The 'Lizard Brain' and police officer safety

The amygdala is tasked with regulating emotions and activating the body's earliest warning system for danger so survival actions can follow

Editor’s Note:

Editor’s Note & UPDATE: About two hours after I posted this item, I heard from one of the two co-creators of the below video (I had emailed them through YouTube asking someone to call me) and have updated the below tip with what I learned in that brief call.

I’ve received this link from perhaps 20 people in just the one week I’d spent in New York City for the 10-year anniversary of 9/11. The video below, posted to YouTube by a user called ‘unleashing respect’ some four months ago, has received a more than 2,200 views but remained unknown to me until the hail of email I got about it while in Manhattan. So, upon my return from NYC, I watched it, and once I got past the fact that it’s presented in a cartoon format, I realized this to be a really valuable video.

At some point in your training you very likely have heard (or read) about something called the Lizard Brain — a.k.a. the amygdala — which the video describes as regulating emotions and activating the body's earliest warning system for danger so survival actions can follow. Dropping names like Kevin Gilmartin and phrases like hypervigilance, and alluding to the effects of tunnel vision and auditory exclusion (the video specifically mentions the instances in which a female subject fires on an officer focused on the male she’s with, a subject about which I have previously written), this video is at once entertaining and informative.

Check out the video now, and then scroll down for more on the men who created it.

New Information Available
When I first posted this item, I did so simply because of the sheer number of PoliceOne Members who sent this to me and my own subsequent analysis of its usefulness. About two hours after I posted this item, I heard from one of the two co-creators of the below video (I had emailed them through YouTube asking someone to call me). Jack Colwell, a retired Kansas City (Mo.) police officer who worked with Charles ‘Chip’ Huth in making the video you just saw, called me at my desk. We spoke for several minutes, and during that discussion I learned that there are even more resources out there from this duo that can benefit law enforcement.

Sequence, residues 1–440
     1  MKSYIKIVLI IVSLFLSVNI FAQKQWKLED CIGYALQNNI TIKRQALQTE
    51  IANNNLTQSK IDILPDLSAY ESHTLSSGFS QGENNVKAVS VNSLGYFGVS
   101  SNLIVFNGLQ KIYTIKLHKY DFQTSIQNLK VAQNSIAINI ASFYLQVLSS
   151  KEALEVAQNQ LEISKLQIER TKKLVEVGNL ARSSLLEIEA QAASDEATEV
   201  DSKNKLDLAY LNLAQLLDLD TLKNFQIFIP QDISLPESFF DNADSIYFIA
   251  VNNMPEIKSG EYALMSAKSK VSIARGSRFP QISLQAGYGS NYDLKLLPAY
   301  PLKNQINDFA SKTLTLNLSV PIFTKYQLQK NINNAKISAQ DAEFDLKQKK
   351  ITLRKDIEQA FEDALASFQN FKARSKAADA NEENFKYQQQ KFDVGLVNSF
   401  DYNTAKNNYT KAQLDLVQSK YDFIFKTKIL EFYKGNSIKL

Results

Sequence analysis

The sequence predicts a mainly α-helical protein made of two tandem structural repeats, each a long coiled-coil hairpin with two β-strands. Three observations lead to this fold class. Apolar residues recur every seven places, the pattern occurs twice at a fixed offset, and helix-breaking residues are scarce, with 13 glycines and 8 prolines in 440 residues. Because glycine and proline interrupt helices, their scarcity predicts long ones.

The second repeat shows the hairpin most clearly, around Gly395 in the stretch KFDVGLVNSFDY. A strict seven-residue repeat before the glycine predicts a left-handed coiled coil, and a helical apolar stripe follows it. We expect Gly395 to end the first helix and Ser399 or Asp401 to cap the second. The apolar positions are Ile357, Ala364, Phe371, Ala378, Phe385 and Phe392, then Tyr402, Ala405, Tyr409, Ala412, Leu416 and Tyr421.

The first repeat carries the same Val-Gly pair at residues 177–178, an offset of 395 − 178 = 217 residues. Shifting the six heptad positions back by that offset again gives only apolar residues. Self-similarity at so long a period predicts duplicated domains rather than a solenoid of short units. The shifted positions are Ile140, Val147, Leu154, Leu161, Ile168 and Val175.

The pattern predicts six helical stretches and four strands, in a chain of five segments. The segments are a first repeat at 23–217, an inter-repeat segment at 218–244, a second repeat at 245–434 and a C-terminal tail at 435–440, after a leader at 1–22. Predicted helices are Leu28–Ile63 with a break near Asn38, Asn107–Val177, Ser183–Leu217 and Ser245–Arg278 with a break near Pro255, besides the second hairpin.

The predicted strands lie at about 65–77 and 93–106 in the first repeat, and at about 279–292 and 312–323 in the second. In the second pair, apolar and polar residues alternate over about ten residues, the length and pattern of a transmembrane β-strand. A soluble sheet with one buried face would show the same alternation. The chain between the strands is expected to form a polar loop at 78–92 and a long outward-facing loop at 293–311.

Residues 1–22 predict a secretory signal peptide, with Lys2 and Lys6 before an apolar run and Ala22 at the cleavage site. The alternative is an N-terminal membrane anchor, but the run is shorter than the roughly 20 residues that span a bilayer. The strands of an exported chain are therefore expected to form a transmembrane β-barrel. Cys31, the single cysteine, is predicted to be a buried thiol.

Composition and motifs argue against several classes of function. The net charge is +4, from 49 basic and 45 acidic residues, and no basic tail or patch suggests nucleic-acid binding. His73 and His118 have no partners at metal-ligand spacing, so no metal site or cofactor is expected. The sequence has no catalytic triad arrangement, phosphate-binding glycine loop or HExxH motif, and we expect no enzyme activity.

“The goal of this was to teach some pretty high-level brain science in sort of a 7th-grade, non-confrontational fashion,” Colwell told me. “There are people out there who have a negative perception of police because of what they see on YouTube, or maybe what they’ve seen on the street, and the last thing they want to have happen when they’re already upset is to have someone lecture them. They’re far more likely to respond to something like a cartoon that teaches them something than somebody lecturing them on the same subject. We wanted to use language and ideas that anybody would understand—everybody has been startled in their own home, so everybody can relate to that idea.”

In essence, this video — and others that will soon follow from the same team of people — brings to the Internet much of the materials discussed in a book co-authored by Huth and Colwell. Entitled Unleashing the Power of Unconditional Respect: Transforming Law Enforcement and Police Training, the book (available on Amazonwhere I just ordered my copy) “examines ways to effect organizational change that helps police officers inspire community trust and support with every citizen contact.”

Colwell and Huth will soon be releasing additional videos, and also have a blog you can check out here. Now that we’ve connected, I’m confident that Jack and I will speak again in coming weeks.

One last item of note. Toward the end of our call, Colwell solved for me the mystery as to why so many people emailed me the same link in such a short span of time. Apparently, my good friend and PoliceOne colleague Chuck Remsberg had written in the Force Science Newsletter about this thing shortly before my departure for New York. In my email inbox I don’t have that particular edition (and don’t see it posted yet in the online archives) but that would definitely explain how I got flooded with email on it!

About the author

Doug Wyllie is Editor at Large for PoliceOne, responsible for providing police training content and expert analysis on a wide range of topics and trends that affect the law enforcement community. An award-winning columnist — he is the 2014 Western Publishing Association "Maggie Award" winner in the category of Best Regularly Featured Digital Edition Column — Doug has authored more than 900 feature articles and tactical tips. Doug is also responsible for planning and recording the PoliceOne Podcast, Policing Matters, as well as being the on-air host for PoliceOne Video interviews. Doug also works closely with the PoliceOne Academy to develop training designed to prepare cops for the fight they face every day on the street.

Doug regularly represents PoliceOne as a public speaker in a variety of forums and is available for media interviews — he has appeared on numerous local and national radio and television news programs, and has been quoted in a host of print publications. 

Doug is a member of International Law Enforcement Educators and Trainers Association (ILEETA), an Associate Member of the California Peace Officers' Association (CPOA), and a member of the Public Safety Writers Association (PSWA).

Contact Doug Wyllie

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